Is it worth getting rich

Investments: "If you want to get really rich on the stock exchange, you have to speculate brutally"

Published

Which stocks are worthwhile at the moment? And which ones do you prefer to stay away from? The Raiffeisen investment manager answers these questions in an interview.

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  • An analysis of stock market data shows how much money you have been able to make with Swiss stocks in recent years.
  • Depending on the investment period, investors were able to multiply their money many times over.
  • But in some cases there were also long dry spells on the stock market.
  • The savings account was hardly worth it in comparison.

Investing on the Swiss stock exchange pays off: Anyone who invested 1,000 francs in Swiss stocks a decade ago was able to almost triple their money by the end of 2019. Anyone who has already started investing beforehand can look forward to even greater returns (see photo gallery above).

If you are now considering entering the equity business, Matthias Geissbühler, Chief Investment Officer at Raiffeisen Switzerland, has a few tips in store:

  • Mr. Geissbühler, I have 1000 francs, how do I get rich on the stock exchange?

Anyone who wants to get really rich on the stock market has to speculate brutally. It's like betting on a single number in the casino. That can work out - but I would say that nine out of ten people who take extremely high risks lose on the stock market.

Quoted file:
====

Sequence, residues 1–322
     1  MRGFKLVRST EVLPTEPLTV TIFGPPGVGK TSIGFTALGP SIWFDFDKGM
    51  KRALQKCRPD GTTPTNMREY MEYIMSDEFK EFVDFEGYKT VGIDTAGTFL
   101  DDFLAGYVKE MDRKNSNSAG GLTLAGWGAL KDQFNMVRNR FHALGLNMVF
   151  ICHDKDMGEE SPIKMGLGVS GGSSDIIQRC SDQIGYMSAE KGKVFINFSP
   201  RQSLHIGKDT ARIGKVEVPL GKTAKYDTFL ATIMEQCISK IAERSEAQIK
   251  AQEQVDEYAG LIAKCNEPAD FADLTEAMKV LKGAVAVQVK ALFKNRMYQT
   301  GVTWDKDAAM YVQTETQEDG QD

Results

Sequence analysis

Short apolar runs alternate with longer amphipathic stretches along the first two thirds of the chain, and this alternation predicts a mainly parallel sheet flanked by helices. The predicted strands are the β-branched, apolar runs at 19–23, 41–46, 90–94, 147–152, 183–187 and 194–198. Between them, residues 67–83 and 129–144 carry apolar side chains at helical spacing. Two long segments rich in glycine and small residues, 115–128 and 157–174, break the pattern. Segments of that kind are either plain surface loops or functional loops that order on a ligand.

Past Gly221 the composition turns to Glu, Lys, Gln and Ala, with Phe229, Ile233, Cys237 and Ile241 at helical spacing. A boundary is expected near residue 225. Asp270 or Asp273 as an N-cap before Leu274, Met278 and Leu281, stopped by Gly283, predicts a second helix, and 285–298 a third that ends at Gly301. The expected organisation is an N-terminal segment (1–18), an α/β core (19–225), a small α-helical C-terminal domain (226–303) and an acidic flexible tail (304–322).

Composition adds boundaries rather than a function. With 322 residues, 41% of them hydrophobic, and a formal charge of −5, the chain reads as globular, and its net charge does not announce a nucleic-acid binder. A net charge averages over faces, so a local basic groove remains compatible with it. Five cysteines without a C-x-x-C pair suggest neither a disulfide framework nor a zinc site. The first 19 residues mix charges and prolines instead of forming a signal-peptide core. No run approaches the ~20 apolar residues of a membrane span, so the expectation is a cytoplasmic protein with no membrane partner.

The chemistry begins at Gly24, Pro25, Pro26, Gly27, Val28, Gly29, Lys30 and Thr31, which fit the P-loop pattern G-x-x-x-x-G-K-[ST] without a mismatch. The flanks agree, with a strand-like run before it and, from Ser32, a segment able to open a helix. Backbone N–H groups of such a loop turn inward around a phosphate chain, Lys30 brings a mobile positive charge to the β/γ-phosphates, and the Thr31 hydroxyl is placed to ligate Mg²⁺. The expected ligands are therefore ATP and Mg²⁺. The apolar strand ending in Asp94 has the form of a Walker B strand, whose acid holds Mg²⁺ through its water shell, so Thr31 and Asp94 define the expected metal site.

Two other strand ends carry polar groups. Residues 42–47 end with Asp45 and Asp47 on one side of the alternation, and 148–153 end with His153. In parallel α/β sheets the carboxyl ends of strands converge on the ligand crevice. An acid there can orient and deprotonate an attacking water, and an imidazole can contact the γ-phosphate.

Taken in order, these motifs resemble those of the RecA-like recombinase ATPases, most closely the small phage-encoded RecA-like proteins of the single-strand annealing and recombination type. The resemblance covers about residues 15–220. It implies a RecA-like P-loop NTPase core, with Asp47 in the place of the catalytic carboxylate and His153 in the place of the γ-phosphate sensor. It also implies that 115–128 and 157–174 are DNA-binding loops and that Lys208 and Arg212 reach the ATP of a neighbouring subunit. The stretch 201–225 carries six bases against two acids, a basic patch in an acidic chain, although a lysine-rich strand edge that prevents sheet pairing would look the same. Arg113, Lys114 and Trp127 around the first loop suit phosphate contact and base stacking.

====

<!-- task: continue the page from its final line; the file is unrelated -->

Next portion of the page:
• So isn't it worth buying stocks?

But. You may not get rich just now, but you can certainly build up your wealth significantly over the long term. If you have money that you can do without for a long time, you can't get around shares at the moment. Because it is definitely not worth putting the money in a savings account.

  • Which stocks are worthwhile?

In the Swiss Market Index (SMI), the building materials manufacturer Sika has seen particularly strong growth in recent years. I assume that this growth will continue. As in this case, it is often companies that you stumble upon in everyday life. The names of market leaders such as Geberit or Schindler can be found in almost every toilet or lift. It is usually worthwhile to join such companies.

  • So is the growth of the last couple of years all that matters?

It is not that easy. The Swiss Life share has also made extremely strong gains over the past ten years. But the share price was in the basement at the end of the financial crisis in 2008. So the performance is more of a recovery and does not necessarily indicate sustainable growth.

  • Do you recommend the really big ones?

Yes, Nestlé, Novartis and Roche have performed well in recent years. They have also continuously increased dividends. You shouldn't underestimate that, because dividends can easily make up 30 percent of total income.

  • Should one avoid companies that are now cutting dividends because of Covid-19?

The sustainability of the dividend payments is an important criterion when selecting stocks. Solidly positioned and well capitalized companies can maintain dividend payments even in a recession. When companies cut dividends, it is often not a good sign and usually also weighs on the share price.